2017-08-30 12:49:00FreelancerEnglishEtsy sellers are responsible for paying taxes on their earnings. Here’s a guide to estimating and paying those taxes.https://quickbooks.intuit.com/r/us_qrc/uploads/2017/08/Quarterly-Taxes-for-Etsy-Sellers-featured.jpghttps://quickbooks.intuit.com/r/freelancer/quarterly-taxes-etsy-sellers/Etsy Sellers: Here’s How to Estimate and Pay Your Quarterly Taxes

Quarterly Taxes for Etsy Sellers

3 min read

You work for yourself. You love the flexible schedule and freedom to do your own thing, and Etsy provides a great platform for your creative business. What you don’t love—because who does?—are taxes. But with a little organization, paying your taxes is easy as pie.

Quarterly taxes are an estimate of what you will owe Uncle Sam throughout the year. Individuals and corporations are required to make estimated tax payments throughout the year. Employers make estimated tax payments by withholding funds from employees’ paychecks. However when you’re self-employed, like all Etsy sellers are, you’re responsible for calculating these withholdings yourself.

Quarterly estimated tax payments can alleviate the potential strain to cash flow when it comes time to file an annual return and helps avoid any IRS penalties.

Do All Etsy Sellers Have to Pay Quarterly Taxes?

If you’re expecting to owe more than $1,000 in taxes in a year, you must pay quarterly estimated tax payments. Since these payments are based on “estimates,” a general rule of thumb is to look at the amount of taxes you paid the previous year. In most cases, paying the same amount quarterly will suffice and doing so will avoid any underpayment penalties. Learn how to calculate your taxable income so you know what to expect when it comes time to pay quarterly.

How Should Etsy Sellers Calculate Quarterly Taxes?

Quarterly estimated tax is based on your taxable income and self-employment tax, which consists of Social Security and Medicare. Additionally, depending on your state, you may be required to pay state income tax from your business’s profits (otherwise known as taxable income).

To calculate your taxable income as a business owner, take your annual gross income—the total revenue you received—and deduct expenses, and any deductions you’re eligible for. For example, if your annual revenue was $100,000 and you have business deductions that total $30,000, your taxable income is $70,000.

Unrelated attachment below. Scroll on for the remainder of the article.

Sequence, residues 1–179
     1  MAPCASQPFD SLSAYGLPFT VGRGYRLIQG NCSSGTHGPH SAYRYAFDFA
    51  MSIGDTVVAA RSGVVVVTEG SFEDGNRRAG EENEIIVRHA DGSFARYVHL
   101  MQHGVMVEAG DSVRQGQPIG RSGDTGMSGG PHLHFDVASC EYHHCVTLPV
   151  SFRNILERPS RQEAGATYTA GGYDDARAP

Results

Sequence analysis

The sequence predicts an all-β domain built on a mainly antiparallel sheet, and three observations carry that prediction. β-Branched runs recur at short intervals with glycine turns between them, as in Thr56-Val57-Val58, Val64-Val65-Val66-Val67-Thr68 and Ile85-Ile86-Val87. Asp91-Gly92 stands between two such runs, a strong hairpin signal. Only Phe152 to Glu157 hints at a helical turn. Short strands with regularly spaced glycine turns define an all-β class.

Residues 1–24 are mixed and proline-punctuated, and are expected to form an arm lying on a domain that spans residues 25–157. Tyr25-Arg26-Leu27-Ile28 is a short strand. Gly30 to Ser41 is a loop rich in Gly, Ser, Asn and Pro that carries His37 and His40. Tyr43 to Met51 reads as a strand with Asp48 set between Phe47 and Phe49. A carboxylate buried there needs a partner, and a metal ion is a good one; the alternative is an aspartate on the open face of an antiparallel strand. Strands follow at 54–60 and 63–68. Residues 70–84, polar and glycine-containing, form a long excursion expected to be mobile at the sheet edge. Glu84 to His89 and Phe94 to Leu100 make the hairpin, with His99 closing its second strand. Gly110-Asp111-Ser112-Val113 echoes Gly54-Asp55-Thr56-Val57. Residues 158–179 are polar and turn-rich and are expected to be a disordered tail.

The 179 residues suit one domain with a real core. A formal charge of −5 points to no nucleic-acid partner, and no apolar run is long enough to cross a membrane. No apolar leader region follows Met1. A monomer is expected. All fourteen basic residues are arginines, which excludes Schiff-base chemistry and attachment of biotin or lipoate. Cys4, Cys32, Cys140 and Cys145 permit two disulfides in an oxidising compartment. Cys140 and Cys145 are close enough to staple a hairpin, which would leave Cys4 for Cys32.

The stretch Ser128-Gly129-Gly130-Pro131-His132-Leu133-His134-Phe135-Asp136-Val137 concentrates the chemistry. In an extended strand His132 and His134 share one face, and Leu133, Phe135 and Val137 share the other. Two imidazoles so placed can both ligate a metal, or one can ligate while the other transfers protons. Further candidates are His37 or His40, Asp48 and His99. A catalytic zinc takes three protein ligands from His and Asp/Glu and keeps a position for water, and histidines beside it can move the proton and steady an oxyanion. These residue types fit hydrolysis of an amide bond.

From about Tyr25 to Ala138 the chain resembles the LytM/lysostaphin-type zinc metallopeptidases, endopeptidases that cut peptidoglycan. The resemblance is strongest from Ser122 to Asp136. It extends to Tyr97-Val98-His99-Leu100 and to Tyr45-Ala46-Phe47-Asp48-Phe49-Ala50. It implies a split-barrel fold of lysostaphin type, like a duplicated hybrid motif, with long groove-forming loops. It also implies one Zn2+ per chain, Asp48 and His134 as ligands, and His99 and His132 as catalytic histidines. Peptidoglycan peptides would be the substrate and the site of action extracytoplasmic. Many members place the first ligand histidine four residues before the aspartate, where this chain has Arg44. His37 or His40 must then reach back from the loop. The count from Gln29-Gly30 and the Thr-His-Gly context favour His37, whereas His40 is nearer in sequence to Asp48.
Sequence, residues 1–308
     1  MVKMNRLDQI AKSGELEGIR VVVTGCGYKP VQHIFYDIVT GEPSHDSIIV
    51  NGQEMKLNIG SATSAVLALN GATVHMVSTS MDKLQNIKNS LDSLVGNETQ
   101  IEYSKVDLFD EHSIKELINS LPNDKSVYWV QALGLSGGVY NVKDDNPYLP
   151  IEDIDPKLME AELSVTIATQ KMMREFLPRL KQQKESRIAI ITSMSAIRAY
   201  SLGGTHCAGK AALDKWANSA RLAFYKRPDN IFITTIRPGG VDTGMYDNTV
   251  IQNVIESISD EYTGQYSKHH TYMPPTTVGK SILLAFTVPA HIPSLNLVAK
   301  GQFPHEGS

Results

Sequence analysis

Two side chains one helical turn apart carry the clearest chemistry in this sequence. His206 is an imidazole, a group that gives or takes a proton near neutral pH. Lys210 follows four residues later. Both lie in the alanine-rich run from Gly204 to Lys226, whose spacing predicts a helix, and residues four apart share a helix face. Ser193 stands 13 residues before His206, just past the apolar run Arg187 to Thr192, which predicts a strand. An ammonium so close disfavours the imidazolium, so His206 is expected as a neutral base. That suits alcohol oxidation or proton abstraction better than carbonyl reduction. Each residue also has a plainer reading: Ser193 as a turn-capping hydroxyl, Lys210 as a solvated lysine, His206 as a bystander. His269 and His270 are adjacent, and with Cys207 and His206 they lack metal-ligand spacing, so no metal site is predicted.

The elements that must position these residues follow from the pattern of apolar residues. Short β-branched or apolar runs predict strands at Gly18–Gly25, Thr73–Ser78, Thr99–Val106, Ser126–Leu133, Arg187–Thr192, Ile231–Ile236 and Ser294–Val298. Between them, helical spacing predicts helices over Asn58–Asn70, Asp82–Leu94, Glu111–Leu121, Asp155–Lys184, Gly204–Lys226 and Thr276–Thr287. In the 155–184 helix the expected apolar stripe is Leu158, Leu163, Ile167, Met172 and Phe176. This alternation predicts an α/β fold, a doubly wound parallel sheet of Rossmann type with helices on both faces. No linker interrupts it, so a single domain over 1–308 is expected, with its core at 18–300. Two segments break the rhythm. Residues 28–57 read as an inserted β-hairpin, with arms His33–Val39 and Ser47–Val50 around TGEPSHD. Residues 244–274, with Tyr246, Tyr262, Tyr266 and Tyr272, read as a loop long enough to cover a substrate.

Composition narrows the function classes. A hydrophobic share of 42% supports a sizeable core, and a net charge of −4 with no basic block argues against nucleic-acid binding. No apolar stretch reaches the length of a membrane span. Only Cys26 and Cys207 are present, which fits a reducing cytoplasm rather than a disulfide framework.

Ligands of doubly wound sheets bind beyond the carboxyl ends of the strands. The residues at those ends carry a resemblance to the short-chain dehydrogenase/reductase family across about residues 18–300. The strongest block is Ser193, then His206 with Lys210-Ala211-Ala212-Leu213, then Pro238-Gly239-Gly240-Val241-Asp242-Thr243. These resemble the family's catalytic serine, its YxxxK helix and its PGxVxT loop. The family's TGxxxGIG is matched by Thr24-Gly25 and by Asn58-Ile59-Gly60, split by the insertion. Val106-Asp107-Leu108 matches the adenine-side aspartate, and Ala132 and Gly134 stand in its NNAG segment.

As for self-employment tax, in the 2016 tax year, for example, the self-employment tax rate on net income up to $118,500 is 15.3% (that breaks down to 12.4% Social Security tax and 2.9% Medicare tax).

The Internal Revenue Service provides a full listing and reference guide for small business owners. IRS Form 1040-ES is a worksheet that takes you through that calculation and helps you determine your taxable income and payments.

Once you have an estimate for the taxes you’ll owe for the year, divide that number by four and submit your quarterly payments by their due dates. As the name suggests, quarterly tax payments are expected to be made four times throughout the year, due: April 15, June 15, September 15 and January 15, pending any holidays or weekends.

To avoid underpayment penalties, aim to pay at least what you paid in taxes the previous year. If you made more than $150,000 (or $75,000 for those who are married filing separately), pay 110 percent of the previous year’s taxes. Even if you end up owing money come annual tax time, you’ll still be exempt from underpayment penalties.

Depending on the growth of your business—specifically, if business is booming—you may want to take this added income into account and set extra funds aside so that you’re prepared in the event that you owe more money.

Underpaying or failure to make quarterly estimated tax payments on time could result in a penalty of 5 percent for each month the tax return is late. Failure to file within 60 days of the due date will result in a minimum penalty of $100. Penalties may vary depending on your income level.

How to Manage Your Taxes

QuickBooks Self-Employed calculates your quarterly estimated tax so there are no surprises at tax time. Not only will it help keep your Etsy business organized by tracking revenue and expenses as you go, it helps you set aside money so that you’re prepared when you need to make payments. Etsy shop owners can export their transactions and expenses directly into QuickBooks Self-Employed so that everything is in one place. It also exports your Schedule C, the IRS form that is used to determine business net income and helps you manage your deductions.

Pop-up markets, craft fairs and festivals are great opportunities to take your online Etsy business into real life, but can cause headaches when it comes to organizing your off-site transactions and expenses. The free mobile app, which comes with your QuickBooks Self-Employed subscription allows you to capture receipts with a photo, swipe to categorize your expenses and more, so you can spend less time worrying and more time celebrating your business’ success.

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Information may be abridged and therefore incomplete. This document/information does not constitute, and should not be considered a substitute for, legal or financial advice. Each financial situation is different, the advice provided is intended to be general. Please contact your financial or legal advisors for information specific to your situation.

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